• Help build food security by encouraging farmers markets and other small businesses to thrive and to access local markets for their produce.

• Recognise and protect the biodiversity of the marine environment, with adequate marine parks and the sustainable harvesting of local fisheries.

• Have an economy based on a wide range of businesses, developed on regional distinctiveness and a sense of place.

• Honour the rich agricultural heritage with the development of an even greater diversity of agricultural enterprises.

• Offer a diversity of transport options – with good cycling and walking infrastructure in regional cities and towns, as well as public transport options between and within towns.

• Provide a diversity of educational facilities – with a greater range of tertiary and training options post‐school – to help keep young people in the region. Such as university campus like the UWA campus in Albany and ECU in Bunbury.

• Ensure that there is a diversity of affordable housing options, especially for an ageing population.

• Provide the diverse community services essential for a vibrant and inclusive society, including preventative health services and mental health services.



Renewable Energy


The South West is well placed to further develop its emerging renewable energy industry.


Renewable energy provides many local advantages while generating safe and sustainable power. Renewable energy is readily decentralised, saving on infrastructure and maintenance costs. It is more flexible and can respond to daily fluctuations in demand, providing smart local power efficiency. Baseload power can be provided through continuous power sources such as wave power, geothermal energy and big solar. This, in combination with a well‐designed geographical mix – choosing the right renewable for the location – can provide us with a clean, green, safe energy future.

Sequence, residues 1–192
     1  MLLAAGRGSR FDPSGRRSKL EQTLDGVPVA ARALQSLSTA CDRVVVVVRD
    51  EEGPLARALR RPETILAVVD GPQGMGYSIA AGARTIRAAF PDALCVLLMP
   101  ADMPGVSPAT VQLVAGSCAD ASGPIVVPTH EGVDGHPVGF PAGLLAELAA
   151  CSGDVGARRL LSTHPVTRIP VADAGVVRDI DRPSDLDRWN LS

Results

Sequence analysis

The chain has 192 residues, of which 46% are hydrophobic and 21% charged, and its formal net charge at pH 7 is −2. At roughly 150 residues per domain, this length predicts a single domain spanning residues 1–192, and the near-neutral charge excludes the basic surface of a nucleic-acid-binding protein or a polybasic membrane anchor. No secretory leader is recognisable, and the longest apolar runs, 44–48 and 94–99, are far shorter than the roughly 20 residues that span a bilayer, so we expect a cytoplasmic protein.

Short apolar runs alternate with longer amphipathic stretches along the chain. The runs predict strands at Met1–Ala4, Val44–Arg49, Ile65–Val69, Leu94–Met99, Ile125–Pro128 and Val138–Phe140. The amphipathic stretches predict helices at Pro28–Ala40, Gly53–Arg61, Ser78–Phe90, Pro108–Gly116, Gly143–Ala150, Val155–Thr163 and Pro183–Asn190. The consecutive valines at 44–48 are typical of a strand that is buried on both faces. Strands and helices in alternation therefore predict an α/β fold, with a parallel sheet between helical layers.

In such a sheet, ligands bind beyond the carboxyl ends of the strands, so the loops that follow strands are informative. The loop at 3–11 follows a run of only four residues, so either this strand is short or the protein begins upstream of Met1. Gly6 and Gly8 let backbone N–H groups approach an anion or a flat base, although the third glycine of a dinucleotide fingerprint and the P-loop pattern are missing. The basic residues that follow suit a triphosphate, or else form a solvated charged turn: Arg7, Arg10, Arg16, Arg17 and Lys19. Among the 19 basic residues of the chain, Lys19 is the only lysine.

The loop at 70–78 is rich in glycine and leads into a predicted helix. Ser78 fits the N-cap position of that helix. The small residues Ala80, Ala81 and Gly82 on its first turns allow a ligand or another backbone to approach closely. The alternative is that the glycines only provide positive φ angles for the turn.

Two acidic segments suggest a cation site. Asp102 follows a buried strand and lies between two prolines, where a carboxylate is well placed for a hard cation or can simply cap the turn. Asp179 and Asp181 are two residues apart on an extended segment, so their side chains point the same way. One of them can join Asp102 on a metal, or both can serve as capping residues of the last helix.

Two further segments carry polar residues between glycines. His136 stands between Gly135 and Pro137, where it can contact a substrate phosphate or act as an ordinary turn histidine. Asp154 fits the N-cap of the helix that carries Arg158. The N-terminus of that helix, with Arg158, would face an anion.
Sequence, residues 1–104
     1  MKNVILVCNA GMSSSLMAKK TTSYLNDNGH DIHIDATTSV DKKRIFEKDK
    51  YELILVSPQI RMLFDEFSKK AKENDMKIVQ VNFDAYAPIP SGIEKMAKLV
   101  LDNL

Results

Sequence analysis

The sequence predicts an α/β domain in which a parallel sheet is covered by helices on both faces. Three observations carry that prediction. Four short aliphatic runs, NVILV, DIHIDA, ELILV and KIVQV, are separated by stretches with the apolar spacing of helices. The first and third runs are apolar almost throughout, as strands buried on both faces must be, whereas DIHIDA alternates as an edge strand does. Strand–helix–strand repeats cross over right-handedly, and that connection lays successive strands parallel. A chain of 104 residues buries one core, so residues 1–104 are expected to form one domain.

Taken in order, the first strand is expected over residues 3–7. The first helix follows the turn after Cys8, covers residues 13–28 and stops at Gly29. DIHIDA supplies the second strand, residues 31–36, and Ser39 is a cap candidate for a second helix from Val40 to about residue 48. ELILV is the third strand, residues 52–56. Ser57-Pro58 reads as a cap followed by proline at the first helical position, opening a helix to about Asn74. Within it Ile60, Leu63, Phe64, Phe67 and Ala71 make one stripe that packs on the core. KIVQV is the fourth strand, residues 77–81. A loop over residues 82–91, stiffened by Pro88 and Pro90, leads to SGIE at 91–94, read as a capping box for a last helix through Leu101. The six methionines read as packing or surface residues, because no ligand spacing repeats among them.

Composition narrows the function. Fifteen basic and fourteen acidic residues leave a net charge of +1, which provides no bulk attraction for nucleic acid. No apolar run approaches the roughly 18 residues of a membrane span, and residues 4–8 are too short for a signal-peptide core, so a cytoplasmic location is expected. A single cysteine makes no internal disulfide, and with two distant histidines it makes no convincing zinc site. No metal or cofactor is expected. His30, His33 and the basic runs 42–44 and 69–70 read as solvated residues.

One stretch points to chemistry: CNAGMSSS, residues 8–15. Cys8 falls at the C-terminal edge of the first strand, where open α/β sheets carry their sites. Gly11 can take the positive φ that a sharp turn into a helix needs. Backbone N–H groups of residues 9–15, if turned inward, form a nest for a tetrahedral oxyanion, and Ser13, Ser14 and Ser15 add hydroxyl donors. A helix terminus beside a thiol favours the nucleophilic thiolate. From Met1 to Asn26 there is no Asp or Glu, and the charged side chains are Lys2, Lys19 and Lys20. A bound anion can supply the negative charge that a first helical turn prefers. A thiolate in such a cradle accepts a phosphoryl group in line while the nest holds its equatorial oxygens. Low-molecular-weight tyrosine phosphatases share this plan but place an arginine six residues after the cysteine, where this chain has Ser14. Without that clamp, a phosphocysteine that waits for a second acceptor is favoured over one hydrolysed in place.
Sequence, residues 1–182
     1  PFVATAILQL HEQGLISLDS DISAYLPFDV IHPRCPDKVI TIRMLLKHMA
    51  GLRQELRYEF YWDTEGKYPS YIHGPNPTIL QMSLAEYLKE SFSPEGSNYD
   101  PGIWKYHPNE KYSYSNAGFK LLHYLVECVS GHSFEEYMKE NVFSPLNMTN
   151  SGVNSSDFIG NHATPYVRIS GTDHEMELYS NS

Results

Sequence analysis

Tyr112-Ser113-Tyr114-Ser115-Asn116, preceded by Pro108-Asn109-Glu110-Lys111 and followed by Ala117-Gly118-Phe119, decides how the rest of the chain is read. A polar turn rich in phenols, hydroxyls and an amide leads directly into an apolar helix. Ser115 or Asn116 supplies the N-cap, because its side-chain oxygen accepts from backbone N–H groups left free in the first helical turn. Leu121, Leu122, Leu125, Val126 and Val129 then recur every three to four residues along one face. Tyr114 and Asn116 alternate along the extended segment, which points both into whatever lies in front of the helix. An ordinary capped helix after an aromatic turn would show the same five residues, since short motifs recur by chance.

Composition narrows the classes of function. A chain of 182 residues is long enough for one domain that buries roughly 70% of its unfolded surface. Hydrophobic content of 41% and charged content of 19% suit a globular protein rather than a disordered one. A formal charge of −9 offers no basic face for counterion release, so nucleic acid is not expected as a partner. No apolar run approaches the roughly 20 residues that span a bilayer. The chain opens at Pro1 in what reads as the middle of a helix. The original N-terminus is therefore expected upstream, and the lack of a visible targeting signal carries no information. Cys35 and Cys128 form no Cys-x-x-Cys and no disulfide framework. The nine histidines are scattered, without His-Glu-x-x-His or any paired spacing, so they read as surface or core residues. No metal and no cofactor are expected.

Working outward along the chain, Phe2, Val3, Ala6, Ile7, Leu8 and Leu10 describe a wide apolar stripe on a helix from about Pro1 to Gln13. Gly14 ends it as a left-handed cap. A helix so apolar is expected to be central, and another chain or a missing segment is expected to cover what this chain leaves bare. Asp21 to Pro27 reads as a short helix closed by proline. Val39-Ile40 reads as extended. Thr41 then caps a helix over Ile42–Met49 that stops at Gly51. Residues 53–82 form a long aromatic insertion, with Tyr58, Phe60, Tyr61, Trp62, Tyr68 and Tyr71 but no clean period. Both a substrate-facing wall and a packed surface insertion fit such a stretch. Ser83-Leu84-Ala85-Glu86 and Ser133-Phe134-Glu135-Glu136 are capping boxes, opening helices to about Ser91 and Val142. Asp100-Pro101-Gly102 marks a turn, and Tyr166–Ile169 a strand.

Renewable energy projects already established in the South West include: windfarms in Albany and Mt Barker, solar heating of the City of Bunbury South West Sports Complex, and solar panels on private residences. Exciting new developments include the prospect of the Carnegie wave power project off Albany.





Research is showing us that we already have enough plantation timber to meet the nation’s needs and that our forestry industry is running at a loss. The Greens are keen to see an end to all logging of native forests. Instead our remaining old growth and regrowth forests could be used for ecotourism ventures and as carbon stores. Some fine timber would be used for special woodcrafts but logging for woodchips and charcoal would be banned. See the Greens “Our Forests” Initiative.



National Broadband Network


The Greens are encouraging the roll out of the NBN and strongly supporting it as essential nation building infrastructure. The South West will benefit from the better connections and faster speed that the new system will deliver. It will open up better prospects for telecommuting and allow more people to live and work in the South West It will also help deliver better access to health and other services.





Authorised by Chris Dickinson & Adam Duncan, the Greens (WA), Ground Floor 445 Hay St Perth